Notre Dame Assistants On Offense: They Said It
Here were some top comments from each of Notre Dame’s five assistant coaches on offense this week:
Offensive coordinator/tight ends coach Chip Long
On needing to stay healthy after collarbone breaks to starters Cole Kmet at tight and receiver Michael Young:
“You can get pretty young pretty quickly in a matter of a week here, especially in one-on-one periods. We don't really get injured playing football. We do when we get into one-on-one for whatever crazy reason….
“We have three captains on the offensive side of the ball, but the one guy here every single day is Jafar Armstrong. So I tell him, 'you don't need a ‘C’ on your chest to be a captain. You keep doing what you're doing.' ...Playing well is leadership to me.”
On what helped get sophomore No. 2 quarterback Phil Jurkovec “right” this August:
“I think Phil got himself right. He's out there just so much more confident throwing the ball. That's not an issue. Now we can really work on what it takes to play quarterback here and the nuances. He's a different guy than he was in the spring, and that just comes with growing, having bad days and keep working.
“But now it's just really helped elevate his game where I'm comfortable if he has to come in there and take over a game — which was probably my No. 1 priority going into fall camp — …he's put himself in position to help his team win when he's called upon. “
Quarterbacks coach Tommy Rees
On the next step for Ian Book:
“I think the biggest change for Ian is you go from being the kid that probably wasn’t supposed to play and then you come in and play so well that everyone loves you — to now you’re the guy, and your expectation level is through the roof. So how are you that steady guy every day, how do you continue to make big plays, how do you continue to get better?
“For me the advancement for him was we needed to push the ball down the field and be more consistent there. The next step for him is to try to get through progressions without trying to get out of the pocket all the time. You don’t want to take that game away from him, but you also want him to see, ‘hey, if you get through mentally quicker, there are some good things happening where we can get the ball to.' He’s improved in those areas.
“I think he’s learned what it’s like to be a returning starter here and what the expectation level is and what his commitment level needs to be. He handles himself extremely well in all (aspects) of what’s expected of him. He’s done some things with our wideouts and running backs and tight ends in meeting with them separate and being a leader that way, which has really helped him and those guys all be on the same page.”
Running backs coach Lance Taylor
On freshman Kyren Williams possibly helping in a niche role as a receiver while power runners Jafar Armstrong, Tony Jones Jr. and Jahmir Smith take most of the snaps:
“Kyren is very conscientious. Football is important to him. He’s constantly asking the right questions, he wants to be good at it and he works at it. Everything I say he writes down on the field. You’ll tell him once and he makes the correction. He’s not what I call a repeat offender … It helped him being here as an early enrollee. I think that put him miles ahead of the game in terms of where he is right now as opposed to where he would have been if he just started.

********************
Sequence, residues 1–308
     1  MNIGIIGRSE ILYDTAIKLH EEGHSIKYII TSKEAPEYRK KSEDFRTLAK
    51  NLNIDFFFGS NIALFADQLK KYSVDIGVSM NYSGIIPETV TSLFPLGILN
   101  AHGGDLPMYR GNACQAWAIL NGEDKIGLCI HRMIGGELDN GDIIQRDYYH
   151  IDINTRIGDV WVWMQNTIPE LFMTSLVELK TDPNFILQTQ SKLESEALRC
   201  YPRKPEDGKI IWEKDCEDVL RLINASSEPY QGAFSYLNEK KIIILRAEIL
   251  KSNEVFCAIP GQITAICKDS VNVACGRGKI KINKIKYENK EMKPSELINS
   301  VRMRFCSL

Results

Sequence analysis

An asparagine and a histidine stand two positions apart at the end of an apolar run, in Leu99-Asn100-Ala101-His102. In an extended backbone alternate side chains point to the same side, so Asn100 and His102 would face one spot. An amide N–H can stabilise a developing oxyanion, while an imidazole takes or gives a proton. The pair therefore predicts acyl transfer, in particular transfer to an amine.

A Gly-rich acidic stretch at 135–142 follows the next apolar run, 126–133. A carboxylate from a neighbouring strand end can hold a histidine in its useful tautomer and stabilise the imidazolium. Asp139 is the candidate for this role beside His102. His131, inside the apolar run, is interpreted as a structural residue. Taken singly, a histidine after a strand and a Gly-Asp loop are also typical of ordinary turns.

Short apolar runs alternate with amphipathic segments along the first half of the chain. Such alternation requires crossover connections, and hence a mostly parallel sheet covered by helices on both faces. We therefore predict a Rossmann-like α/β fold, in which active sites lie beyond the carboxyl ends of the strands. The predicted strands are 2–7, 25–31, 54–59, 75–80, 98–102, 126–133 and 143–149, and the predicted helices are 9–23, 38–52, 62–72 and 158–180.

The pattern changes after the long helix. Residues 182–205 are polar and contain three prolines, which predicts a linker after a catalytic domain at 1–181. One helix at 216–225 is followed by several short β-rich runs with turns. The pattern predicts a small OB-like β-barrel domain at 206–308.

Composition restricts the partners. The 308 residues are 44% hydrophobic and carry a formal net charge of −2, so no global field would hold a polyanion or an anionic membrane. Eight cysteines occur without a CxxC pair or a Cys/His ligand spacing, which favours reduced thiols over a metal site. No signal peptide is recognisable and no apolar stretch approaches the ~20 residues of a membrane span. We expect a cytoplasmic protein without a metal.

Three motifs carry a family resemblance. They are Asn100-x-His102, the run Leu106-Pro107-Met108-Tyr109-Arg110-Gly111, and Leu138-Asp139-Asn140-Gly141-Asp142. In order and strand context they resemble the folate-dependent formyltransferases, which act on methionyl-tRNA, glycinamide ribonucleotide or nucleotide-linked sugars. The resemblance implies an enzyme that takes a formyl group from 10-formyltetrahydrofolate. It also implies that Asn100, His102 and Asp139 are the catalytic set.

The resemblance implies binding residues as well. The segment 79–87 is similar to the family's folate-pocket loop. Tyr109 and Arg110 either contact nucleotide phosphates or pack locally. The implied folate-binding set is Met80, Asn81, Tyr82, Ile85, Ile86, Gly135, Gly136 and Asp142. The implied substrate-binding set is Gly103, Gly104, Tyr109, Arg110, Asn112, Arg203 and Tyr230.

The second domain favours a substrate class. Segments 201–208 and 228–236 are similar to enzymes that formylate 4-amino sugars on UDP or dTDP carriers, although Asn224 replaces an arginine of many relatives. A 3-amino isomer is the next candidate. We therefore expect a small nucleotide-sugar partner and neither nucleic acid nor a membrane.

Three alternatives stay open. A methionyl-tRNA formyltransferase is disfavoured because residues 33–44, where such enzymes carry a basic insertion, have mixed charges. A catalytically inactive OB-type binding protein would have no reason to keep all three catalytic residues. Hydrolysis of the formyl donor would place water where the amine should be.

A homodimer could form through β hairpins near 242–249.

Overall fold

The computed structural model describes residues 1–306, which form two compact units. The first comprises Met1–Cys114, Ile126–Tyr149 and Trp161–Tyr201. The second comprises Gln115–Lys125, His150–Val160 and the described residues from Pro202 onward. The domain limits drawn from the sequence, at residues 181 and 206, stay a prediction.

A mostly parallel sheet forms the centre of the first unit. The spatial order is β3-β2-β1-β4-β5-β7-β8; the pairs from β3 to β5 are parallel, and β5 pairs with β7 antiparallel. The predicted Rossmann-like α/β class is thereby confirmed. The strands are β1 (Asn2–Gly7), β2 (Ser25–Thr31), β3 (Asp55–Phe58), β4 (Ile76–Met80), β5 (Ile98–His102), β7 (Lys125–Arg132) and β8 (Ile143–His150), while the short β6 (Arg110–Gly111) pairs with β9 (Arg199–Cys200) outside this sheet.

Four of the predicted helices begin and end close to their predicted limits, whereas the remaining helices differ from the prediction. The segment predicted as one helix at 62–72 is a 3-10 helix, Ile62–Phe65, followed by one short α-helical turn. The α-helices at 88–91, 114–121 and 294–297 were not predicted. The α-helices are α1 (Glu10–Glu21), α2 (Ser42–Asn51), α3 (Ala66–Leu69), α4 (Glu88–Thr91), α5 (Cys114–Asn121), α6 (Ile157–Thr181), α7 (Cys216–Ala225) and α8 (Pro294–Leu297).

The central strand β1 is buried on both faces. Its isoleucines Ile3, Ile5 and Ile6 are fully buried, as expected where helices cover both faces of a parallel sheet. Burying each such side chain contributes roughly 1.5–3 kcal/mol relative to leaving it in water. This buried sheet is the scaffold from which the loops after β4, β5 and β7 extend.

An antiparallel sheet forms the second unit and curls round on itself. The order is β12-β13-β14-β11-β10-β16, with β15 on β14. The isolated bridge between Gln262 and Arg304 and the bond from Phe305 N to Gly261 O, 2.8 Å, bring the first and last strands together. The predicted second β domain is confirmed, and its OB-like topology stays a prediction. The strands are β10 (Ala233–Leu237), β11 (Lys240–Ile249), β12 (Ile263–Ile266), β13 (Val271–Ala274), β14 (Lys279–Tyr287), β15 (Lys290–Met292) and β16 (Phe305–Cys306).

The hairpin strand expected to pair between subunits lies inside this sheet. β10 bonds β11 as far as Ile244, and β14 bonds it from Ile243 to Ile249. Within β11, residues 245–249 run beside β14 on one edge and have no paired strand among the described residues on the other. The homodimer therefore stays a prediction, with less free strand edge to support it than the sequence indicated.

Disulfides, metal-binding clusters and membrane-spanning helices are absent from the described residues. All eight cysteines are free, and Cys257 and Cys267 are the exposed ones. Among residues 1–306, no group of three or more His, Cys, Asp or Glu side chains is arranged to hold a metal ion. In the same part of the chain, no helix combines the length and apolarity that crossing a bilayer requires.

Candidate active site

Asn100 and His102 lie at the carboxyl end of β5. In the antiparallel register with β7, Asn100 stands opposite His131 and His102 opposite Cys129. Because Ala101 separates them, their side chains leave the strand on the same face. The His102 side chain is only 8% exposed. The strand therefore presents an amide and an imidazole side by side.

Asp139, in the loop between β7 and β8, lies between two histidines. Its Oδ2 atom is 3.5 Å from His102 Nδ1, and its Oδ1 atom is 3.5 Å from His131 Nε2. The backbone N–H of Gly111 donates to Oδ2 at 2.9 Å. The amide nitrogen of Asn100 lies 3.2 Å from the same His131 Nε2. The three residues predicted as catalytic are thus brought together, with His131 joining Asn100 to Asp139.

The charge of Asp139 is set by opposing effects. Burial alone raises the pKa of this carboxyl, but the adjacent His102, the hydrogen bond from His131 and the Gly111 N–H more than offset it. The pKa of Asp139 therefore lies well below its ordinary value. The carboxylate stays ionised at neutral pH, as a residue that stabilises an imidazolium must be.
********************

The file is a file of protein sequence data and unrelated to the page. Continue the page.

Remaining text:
“I found with him the bigger the moment the more he rises to the occasion. You want guys to practice like they’re going to play on Saturday, and that’s the way that he practices. Every time we’ve gone into a scrimmage type of situation, good on good, we’ve asked him to do something in a scrimmage situation where, ‘hey, you’re going to be highlighted on this play,’ he’s stepped up and made a play.
“His background as a receiver early on in high school, I really believe that time helped him. He really has a natural feel as a pass catcher.”
Receivers coach Del Alexander
On what has enabled sophomore Lawrence Keys III (5-10, 173) to be the ‘next man in’ among more than a half-dozen other candidates, after Young’s injury.
“Last year at fall camp he was the one that got the playbook first. He was the one that came to camp and studied during the summer and took some of the information and applied it right away. Because of where he was physically, we needed to develop him a little bit there. He got hurt, and then he hit a wall. So I saw pretty early that he was a person that could handle what we're doing mentally. It was just physically bringing him along.
“He hasn't been in the games yet, but in terms of what we've thrown at him and what we've seen, he's able to play fast, he's able to run and understand the concepts, he's able to compete against the seniors and the older guys, and he's able to make plays. So those combination of things have really made us feel great about him.”
Offensive line coach Jeff Quinn
On placing importance on the run game with four returning starters along the line:
“The most important thing is that our guys are blocking the plays that are called — regardless whether it's a run play or a pass play or screen play. Those are the three components of our offense.
“That's a priority for all of us to be able to move people off the ball, especially not only in the first quarter, second quarter, but how you establish that run game and the mentality in the third and fourth quarter so you can finish games off in those four-minute segments of the game. You have to rely on your ability to move people with eight or nine-man boxes trying to stop the run. We feel strongly we have the ability to do that."